Carnegie and its inventors awarded new patent for diamond work
Washington, D.C. -- The Carnegie Institution announced today that the United States Patent Office has recently granted a patent for the work of three inventors–Russell Hemley, Ho-kwang Mao, and Chih-Shiue Yan–related to the manufacture of a hard, single-crystal diamond. The patent, No. 7,115,241--"Ultrahard diamonds and method of making thereof," is one of a series that have been, or will shortly be, granted in the United States and elsewhere for inventions that relate to production using a Microwave Plasma Chemical Vapor Deposition (MPCVD). These series of inventions have led to the production of diamonds of increased hardness and enhanced optical characteristics when compared to other methods and processes for producing synthetic diamonds.
The three inventors work at Carnegie's Geophysical Laboratory and are members of a high-pressure research team. They and their colleagues subject matter to intense pressures and temperatures and have discovered previously unknown fundamental properties and structures of matter, while creating entirely new substances along the way. Their work has shed light on the conditions in planetary interiors and has advanced materials science.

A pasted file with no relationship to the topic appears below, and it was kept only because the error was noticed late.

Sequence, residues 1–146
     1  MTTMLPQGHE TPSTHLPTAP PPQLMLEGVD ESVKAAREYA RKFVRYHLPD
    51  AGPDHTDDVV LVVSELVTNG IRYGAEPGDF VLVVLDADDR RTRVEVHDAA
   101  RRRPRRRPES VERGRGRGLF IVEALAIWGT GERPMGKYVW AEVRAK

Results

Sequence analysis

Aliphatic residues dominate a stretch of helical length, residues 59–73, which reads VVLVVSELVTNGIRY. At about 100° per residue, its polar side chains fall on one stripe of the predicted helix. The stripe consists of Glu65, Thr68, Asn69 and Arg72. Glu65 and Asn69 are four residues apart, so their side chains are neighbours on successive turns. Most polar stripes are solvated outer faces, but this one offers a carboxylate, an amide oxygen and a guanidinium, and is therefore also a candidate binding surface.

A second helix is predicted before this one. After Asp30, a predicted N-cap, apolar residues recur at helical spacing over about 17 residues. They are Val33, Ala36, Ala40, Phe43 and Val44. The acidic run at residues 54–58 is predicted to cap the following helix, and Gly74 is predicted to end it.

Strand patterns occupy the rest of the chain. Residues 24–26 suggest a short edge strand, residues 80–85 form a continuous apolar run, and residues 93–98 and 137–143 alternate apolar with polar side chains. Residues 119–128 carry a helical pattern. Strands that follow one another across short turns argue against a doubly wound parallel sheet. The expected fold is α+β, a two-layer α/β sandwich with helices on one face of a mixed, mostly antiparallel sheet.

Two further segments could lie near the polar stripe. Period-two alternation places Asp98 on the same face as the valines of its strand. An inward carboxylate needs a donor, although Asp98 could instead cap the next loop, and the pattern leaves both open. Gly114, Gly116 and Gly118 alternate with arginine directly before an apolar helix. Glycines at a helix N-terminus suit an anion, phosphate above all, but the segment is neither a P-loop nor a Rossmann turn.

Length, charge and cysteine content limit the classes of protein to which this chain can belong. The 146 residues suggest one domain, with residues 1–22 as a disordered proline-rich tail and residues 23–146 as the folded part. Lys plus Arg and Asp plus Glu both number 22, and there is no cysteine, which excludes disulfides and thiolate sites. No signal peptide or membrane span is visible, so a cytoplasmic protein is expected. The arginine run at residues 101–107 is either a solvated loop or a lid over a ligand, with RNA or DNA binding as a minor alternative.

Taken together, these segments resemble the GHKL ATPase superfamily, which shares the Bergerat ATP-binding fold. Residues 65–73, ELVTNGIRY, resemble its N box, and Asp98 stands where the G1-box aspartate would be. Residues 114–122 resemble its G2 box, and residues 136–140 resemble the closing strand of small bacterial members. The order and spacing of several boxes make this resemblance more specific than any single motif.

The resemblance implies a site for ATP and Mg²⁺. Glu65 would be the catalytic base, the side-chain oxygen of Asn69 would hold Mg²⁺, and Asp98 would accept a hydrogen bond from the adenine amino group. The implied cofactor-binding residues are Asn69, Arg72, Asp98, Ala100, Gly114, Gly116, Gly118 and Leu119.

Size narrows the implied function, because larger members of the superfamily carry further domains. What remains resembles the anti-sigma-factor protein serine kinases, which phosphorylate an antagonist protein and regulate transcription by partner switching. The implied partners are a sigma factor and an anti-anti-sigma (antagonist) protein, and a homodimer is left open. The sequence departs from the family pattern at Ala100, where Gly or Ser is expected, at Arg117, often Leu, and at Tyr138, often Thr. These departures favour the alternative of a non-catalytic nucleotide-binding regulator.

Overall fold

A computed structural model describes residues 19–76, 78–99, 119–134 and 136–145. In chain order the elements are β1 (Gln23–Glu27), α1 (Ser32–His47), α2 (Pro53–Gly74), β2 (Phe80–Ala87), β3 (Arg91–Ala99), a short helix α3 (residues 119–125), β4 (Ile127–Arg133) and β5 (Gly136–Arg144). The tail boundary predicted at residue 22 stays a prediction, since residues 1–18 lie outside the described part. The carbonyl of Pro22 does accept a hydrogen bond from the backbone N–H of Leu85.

More information concerning this patent is available from the U.S. Patent and Trademark's website at www.uspto.gov.
The Carnegie Institution of Washington (www.carnegieinstitution.org), a private nonprofit organization, has been a pioneering force in basic scientific research since 1902. It has six research departments: the Geophysical Laboratory and the Department of Terrestrial Magnetism, both located in Washington, D.C.; The Observatories, in Pasadena, California, and Chile; the Department of Plant Biology and the Department of Global Ecology, in Stanford, California; and the Department of Embryology, in Baltimore, Maryland.
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